5. Wong TW, Chan LW, Kho SB, Heng PW
    J Control Release, 2005 Jun 2;104(3):461-75.
    PMID: 15911046
    The influence of microwave irradiation on the drug release properties of freshly prepared and aged alginate, alginate-chitosan and chitosan beads was investigated. The beads were prepared by extrusion method with sulphathiazole as a model drug. The dried beads were subjected to microwave irradiation at 80 W for 10 min, 20 min or three consecutive cycles of 10 and 20 min, respectively. The profiles of drug dissolution, drug content, drug stability, drug polymorphism, drug-polymer interaction, polymer crosslinkage and complexation were determined by dissolution testing, drug content assay, differential scanning calorimetry and Fourier transform infra-red spectroscopy. The chemical stability of drug embedded in beads was unaffected by microwave conditions and length of storage time. The release property of drug was mainly governed by the extent of polymer interaction in beads. The aged alginate beads required intermittent cycles of microwave irradiation to induce drug release retarding effect in contrast to their freshly prepared samples. Unlike the alginate beads, the level of polymer interaction was higher in aged alginate-chitosan beads than the corresponding fresh beads. The drug release retarding property of aged alginate-chitosan beads could be significantly enhanced through subjecting the beads to microwave irradiation for 10 min. No further change in drug release from these beads was observed beyond 30 min of microwave irradiation. Unlike beads containing alginate, the rate and extent of drug released from the aged chitosan beads were higher upon treatment by microwave in spite of the higher degree of polymer interaction shown by the latter on prolonged storage. The observation suggested that the response of polymer matrix to microwave irradiation in induction of drug release retarding property was largely affected by the molecular arrangement of the polymer chains.
  6. Naz MY, Sulaiman SA
    J Control Release, 2016 Mar 10;225:109-20.
    PMID: 26809006 DOI: 10.1016/j.jconrel.2016.01.037
    Developing countries are consuming major part of the global urea production with an anticipated nitrogen use efficiency of 20 to 35%. The release of excess nitrogen in the soil is not only detrimental to the environment but also lessens the efficiency of the conventional urea. The urea performance can be enhanced by encapsulating it with slow release coating materials and synchronizing the nutrients' release with the plant up-taking. However, the present cost of most of the coated fertilizers is considerably higher than the conventional fertilizers. The high cost factor prevents their widespread use in mainstream agriculture. This paper documents a review of literature related to the global urea market, issues pertaining to the conventional urea use, natural and synthetic materials for slow release urea and fluidized bed spray coating process. The aim of the current review is to develop technical understanding of the conventional and non-conventional coating materials and associated spray coating mechanism for slow release urea production. The study also investigated the potential of starch as the coating material in relation to the coatings tested previously for controlled release fertilizers.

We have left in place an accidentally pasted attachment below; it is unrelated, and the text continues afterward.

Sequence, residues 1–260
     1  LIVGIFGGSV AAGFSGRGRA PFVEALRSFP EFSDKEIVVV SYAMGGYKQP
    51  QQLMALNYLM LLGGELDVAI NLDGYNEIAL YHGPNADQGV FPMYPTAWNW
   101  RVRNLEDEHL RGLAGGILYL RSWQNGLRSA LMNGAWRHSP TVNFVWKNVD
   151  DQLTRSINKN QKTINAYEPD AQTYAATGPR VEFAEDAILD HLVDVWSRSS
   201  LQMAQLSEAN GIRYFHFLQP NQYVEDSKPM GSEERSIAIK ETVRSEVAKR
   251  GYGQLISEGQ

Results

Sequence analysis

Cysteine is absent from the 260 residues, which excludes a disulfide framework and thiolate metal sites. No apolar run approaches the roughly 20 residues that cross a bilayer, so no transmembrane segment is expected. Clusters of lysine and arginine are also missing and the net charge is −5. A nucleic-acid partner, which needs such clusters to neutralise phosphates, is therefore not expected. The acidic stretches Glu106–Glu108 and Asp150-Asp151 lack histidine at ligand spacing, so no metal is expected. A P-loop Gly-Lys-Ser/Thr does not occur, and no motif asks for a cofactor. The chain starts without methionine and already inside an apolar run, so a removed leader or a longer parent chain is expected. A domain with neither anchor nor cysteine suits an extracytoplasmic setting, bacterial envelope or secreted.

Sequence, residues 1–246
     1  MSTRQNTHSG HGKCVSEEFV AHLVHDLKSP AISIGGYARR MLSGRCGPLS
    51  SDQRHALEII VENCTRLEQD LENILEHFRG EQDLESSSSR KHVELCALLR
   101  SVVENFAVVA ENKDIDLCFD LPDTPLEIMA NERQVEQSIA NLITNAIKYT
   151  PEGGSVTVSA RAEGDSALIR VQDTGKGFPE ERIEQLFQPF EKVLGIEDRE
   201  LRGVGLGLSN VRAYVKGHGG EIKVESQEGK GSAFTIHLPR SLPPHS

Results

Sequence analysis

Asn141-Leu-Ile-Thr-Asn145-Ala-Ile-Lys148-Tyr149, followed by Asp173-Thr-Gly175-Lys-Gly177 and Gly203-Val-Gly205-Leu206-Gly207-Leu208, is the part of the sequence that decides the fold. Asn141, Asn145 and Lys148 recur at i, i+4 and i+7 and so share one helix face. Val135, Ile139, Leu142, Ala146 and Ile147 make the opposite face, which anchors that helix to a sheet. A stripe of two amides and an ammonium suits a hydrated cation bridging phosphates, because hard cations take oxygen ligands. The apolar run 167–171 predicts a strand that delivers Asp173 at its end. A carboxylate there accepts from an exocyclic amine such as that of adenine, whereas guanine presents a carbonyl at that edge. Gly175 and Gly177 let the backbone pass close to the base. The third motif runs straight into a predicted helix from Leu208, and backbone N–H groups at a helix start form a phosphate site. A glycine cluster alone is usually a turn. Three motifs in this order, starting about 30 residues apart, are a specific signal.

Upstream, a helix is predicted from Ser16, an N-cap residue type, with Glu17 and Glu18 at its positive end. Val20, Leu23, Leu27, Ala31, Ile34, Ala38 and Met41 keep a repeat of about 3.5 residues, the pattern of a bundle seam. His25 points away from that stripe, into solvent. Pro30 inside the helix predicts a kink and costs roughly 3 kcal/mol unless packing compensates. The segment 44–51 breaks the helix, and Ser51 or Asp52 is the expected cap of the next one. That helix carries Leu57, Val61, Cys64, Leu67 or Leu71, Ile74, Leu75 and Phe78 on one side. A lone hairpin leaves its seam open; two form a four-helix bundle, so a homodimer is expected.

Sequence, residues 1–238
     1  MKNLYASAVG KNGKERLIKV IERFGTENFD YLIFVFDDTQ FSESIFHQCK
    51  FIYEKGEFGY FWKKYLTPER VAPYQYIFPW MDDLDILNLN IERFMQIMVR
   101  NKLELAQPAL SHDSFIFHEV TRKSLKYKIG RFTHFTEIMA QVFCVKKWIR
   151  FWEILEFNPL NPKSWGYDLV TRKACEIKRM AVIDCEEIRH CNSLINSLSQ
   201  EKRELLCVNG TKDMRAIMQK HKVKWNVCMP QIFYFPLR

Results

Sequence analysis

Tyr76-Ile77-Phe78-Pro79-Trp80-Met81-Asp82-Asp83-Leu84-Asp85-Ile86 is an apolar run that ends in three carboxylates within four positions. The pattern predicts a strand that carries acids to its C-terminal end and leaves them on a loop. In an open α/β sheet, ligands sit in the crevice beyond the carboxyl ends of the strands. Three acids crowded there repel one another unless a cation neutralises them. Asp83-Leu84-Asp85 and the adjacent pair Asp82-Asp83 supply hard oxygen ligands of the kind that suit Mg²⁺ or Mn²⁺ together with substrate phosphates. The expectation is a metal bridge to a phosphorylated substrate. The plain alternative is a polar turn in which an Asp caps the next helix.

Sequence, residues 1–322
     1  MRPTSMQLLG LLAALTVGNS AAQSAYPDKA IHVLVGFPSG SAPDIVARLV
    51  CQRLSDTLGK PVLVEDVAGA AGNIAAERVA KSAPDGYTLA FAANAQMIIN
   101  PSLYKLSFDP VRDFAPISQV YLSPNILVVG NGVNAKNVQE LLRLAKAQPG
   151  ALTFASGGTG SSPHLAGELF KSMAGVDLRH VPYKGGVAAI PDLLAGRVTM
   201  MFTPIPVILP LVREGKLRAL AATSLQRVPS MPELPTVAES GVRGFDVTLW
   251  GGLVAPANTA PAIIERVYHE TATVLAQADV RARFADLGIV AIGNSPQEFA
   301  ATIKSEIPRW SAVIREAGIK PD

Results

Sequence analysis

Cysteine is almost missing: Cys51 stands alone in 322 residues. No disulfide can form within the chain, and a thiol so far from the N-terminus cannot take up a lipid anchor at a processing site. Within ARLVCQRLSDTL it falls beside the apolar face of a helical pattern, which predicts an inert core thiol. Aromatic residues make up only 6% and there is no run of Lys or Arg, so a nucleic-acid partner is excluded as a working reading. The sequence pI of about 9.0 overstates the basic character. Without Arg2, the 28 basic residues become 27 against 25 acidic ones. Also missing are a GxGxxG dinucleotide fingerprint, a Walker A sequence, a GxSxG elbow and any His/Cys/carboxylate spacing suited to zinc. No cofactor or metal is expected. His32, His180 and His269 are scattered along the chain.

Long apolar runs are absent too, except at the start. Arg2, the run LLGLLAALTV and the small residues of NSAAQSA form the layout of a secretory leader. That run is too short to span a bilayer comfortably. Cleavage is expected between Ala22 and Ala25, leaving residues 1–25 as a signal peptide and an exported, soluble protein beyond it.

7. Kiew SF, Kiew LV, Lee HB, Imae T, Chung LY
    J Control Release, 2016 Mar 28;226:217-28.
    PMID: 26873333 DOI: 10.1016/j.jconrel.2016.02.015
    Graphene oxide (GO)-based nanocarriers have been frequently studied due to their high drug loading capacity. However, the unsatisfactory biocompatibility of these GO-based nanocarriers hampers their use in clinical settings. This review discusses how each of the physicochemical characteristics (e.g., size, surface area, surface properties, number of layers and particulate states) and surface coatings on GO affect its in vitro and in vivo nanotoxicity. We provide an overview on the effect of GO properties on interactions with cells such as red blood cells, macrophages and cell lines, and experimental organisms including rodents, rabbits and Zebrafish, offering some guidelines for development of safe GO-based nanocarriers. We conclude the paper by outlining the challenges involving GO-based formulations and future perspectives of this research in the biomedical field.
  8. bin Hussein MZ, Zainal Z, Yahaya AH, Foo DW
    J Control Release, 2002 Aug 21;82(2-3):417-27.
    PMID: 12175754
    Formation of the so-called organic-inorganic nanohybrid material was exploited for the preparation of a controlled release formulation. The inorganic Zn-Al-layered double hydroxide (LDH) was used as a matrix, hosting an active agent or a guest, alpha-naphthaleneacetate (NAA), a plant growth regulator by self-assembly technique. The reverse process, i.e., the deintercalation or release of the guest, NAA was found to be rapid initially, followed by a more sustained release thereafter and this behavior was dependent on the pH of the release medium, the aqueous solution. The mechanism of release has been interpreted on the basis of the ion-exchange process between the NAA anion intercalated in the lamella host and nitrate or hydroxyl anions in the aqueous solution.
  9. Azmi ID, Wibroe PP, Wu LP, Kazem AI, Amenitsch H, Moghimi SM, et al.
    J Control Release, 2016 Oct 10;239:1-9.
    PMID: 27524284 DOI: 10.1016/j.jconrel.2016.08.011